The Army Aviation Corps (AAC) provides aerial assistance to the ground units of the Indian Army. It was first formed on November 1, 1986. The Army Aviation Corps is headed by a director-general with the rank of lieutenant general. The AAC is the youngest corps of the Indian Army.
Army Aviation Corps was created with the main objective of contributing to the battlefield success by providing guidance to the field
Commanders in applying decisive combat powers.
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History of the Army Aviation Corps
- The roots of the AAC can be traced back to the creation of the Army Aviation Wing of the Royal Air Force stationed in India during the height of World War II in 1942.
- Initially, they functioned as artillery spotters by identifying and directing targets for them.
- They played a crucial role during the 1964 and 1971 wars by providing close-air-support to ground units and identifying important targets by flying close to enemy lines.
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- The Army Aviation Corps was created as a separate formation on November 1 in 1986. It is the youngest corps of the Indian Army. Upon its formation, the AAC saw its first action during the Indian Intervention in the Sri Lankan Civil War. It provided aerial reconnaissance to the Indian Peacekeeping Forces, in the mostly jungle areas of Sri Lanka against Tamil Tigers.
- The Corps was raised as a separate formation on November 1 in 1986. The AAC now draws its ranks from all the arms of the Army, including a significant number from the artillery formations.
- Immediately after its formation, the units of the Corps saw action during Operation Pawan, where they helped the Indian Peacekeeping Forces in identifying key locations of the Tamil Tigers
- Over the years, the Corps has grown by additions of new units, equipment and ground assets, and along with this, its roles and capabilities also have grown. The AAC draws its ranks from all the arms of the Indian Army.
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Functions and role of the AAC
- The AAC uses its helicopters for reconnaissance, casualty evacuation, supply drops, search and rescue. During peace times, AAC helicopters participate in Humanitarian Aid and Disaster Relief (HADR) operations.
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- The helicopters of the corps also act as aerial command posts should the situation ever arise.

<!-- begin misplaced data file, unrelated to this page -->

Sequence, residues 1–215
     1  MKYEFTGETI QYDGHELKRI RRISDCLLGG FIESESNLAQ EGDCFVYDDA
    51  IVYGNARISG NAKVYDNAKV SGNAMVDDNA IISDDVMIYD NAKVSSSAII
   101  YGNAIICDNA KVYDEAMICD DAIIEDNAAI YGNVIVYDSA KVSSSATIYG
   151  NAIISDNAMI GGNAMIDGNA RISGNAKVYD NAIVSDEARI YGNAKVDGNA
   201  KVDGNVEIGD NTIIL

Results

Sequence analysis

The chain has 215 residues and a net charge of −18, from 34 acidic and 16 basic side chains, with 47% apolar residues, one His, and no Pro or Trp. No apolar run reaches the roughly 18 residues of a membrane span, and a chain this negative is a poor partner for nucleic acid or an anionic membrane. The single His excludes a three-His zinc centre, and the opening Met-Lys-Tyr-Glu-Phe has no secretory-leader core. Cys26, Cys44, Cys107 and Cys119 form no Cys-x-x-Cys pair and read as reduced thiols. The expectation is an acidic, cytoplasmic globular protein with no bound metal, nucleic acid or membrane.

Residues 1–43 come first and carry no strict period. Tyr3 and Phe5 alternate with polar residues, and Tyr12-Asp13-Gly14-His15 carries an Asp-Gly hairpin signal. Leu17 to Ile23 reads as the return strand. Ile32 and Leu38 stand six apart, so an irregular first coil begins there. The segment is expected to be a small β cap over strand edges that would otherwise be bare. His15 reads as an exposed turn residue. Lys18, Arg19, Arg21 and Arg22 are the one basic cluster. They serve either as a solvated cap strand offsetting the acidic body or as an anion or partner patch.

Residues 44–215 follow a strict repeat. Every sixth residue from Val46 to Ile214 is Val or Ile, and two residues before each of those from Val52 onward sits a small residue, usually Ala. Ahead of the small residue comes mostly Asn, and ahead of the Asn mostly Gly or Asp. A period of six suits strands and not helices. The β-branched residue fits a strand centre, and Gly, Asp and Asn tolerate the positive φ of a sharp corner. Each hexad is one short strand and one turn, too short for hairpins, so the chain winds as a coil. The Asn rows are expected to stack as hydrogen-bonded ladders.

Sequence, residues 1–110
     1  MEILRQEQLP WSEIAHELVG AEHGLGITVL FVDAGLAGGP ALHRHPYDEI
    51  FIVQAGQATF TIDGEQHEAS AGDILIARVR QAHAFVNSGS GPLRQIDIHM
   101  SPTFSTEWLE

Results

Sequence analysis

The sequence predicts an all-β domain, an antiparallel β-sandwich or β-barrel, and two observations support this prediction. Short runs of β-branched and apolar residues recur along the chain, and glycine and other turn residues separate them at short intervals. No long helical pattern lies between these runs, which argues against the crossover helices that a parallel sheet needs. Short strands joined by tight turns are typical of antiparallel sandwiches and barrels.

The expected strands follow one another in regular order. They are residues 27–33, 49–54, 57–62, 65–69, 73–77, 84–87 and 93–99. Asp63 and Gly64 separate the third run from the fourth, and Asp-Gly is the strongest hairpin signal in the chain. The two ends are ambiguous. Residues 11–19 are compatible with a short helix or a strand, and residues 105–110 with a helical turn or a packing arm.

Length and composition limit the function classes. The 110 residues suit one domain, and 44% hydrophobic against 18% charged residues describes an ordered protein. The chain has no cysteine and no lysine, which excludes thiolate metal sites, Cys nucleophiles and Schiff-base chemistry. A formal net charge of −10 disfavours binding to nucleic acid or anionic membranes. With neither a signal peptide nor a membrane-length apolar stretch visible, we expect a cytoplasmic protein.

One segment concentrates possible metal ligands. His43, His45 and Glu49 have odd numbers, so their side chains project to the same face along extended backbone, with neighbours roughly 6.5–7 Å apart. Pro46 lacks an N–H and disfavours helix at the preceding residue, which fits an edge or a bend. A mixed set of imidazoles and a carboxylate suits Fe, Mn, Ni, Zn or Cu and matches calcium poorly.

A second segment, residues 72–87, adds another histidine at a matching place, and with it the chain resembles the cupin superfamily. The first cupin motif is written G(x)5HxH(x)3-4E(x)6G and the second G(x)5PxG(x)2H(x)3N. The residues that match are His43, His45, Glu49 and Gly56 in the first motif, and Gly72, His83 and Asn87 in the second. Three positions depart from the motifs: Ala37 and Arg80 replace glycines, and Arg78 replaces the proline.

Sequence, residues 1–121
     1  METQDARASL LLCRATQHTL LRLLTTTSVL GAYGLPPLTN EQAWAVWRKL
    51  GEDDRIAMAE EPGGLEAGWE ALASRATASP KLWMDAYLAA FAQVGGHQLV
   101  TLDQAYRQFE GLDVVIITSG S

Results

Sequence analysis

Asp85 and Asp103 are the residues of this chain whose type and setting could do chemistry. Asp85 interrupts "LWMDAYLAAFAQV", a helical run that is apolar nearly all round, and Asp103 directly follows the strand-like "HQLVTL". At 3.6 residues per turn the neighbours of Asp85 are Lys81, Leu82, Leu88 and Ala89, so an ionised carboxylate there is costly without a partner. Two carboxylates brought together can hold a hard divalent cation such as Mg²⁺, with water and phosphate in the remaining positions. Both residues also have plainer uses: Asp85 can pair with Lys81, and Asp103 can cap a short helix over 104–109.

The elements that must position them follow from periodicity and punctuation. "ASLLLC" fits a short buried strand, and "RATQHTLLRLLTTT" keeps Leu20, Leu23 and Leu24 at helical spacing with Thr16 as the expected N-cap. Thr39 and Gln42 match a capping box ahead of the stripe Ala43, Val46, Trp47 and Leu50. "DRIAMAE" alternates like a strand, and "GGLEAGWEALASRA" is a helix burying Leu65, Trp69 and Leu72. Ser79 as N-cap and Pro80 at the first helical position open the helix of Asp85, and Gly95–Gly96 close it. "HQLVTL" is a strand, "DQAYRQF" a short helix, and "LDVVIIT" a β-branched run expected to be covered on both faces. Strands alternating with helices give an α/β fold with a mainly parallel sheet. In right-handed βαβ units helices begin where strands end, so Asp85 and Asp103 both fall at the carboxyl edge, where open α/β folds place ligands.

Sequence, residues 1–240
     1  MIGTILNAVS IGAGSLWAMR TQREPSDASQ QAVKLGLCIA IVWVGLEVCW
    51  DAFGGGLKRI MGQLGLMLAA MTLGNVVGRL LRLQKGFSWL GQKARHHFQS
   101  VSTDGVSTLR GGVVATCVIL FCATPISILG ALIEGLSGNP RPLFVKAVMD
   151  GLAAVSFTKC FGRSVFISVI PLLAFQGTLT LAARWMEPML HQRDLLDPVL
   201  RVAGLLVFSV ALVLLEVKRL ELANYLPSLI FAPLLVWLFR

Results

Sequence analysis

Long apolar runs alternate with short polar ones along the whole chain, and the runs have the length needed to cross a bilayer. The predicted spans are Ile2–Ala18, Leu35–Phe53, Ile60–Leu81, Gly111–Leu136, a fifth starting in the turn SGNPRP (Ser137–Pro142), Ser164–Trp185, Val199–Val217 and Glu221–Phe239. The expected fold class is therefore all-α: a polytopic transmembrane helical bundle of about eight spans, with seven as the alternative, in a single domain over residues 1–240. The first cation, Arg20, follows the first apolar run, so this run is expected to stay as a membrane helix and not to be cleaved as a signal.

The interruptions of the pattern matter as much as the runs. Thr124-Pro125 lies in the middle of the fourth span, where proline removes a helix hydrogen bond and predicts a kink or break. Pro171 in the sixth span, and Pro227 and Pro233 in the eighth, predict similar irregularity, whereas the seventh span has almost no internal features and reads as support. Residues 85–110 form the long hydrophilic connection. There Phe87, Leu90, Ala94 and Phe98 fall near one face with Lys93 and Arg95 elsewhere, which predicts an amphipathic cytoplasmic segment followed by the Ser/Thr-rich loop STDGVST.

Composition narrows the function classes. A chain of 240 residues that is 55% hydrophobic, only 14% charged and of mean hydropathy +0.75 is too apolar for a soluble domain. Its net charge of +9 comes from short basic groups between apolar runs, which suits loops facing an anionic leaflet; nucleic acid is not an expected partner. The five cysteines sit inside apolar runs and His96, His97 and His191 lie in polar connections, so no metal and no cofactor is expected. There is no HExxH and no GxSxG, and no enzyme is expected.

- In modern warfare, formations such as infantry, long and short0range artillery, armoured columns and Army helicopters work in sync with each other. To plan an effective battle plan, data and intelligence is gathered by orbiting satellites and airborne reconnaissance units. Helicopters are one such unit, as their mobility and dexterity can gather information at the required pace. With technology evolving over time, these helicopters will prove to be a valuable asset in the years to come.
The following aircraft are currently operated by the Army Aviation corps:
- HAL Dhruv
- HAL Chetak
- HAL Cheetah
- Boeing AH-64 Apache Helicopter
Future Plans of the Army Aviation Corps
- In 2012, the army was evaluating helicopters from Kamov, Eurocopter and AgustaWestland for its light-helicopter contract. The $750 million contracts for the 197 helicopters intended to replace its 1970s Chetak and Cheetah helicopters.
- The one who would win the bid would provide 60 helicopters in operating condition; the remaining 137 helicopters would be manufactured by the Hindustan Aeronautics Limited. (HAL)
- Hindustan Aeronautics Limited is one of the Navratna Companies. Find the list of Navratna Companies in India in the linked article.
- The Indian Army is going to acquire HAL Light Combat Helicopters, currently under development, to meet its requirement for a high altitude anti-armour and anti-infantry helicopter. A single-engine HAL Light Utility Helicopter would be used for reconnaissance purposes.
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Frequently Asked Questions on Army Aviation Corps (AAC)
Q 1. What is the work of the Army Aviation Corps?
Q 2. When was AAC formed?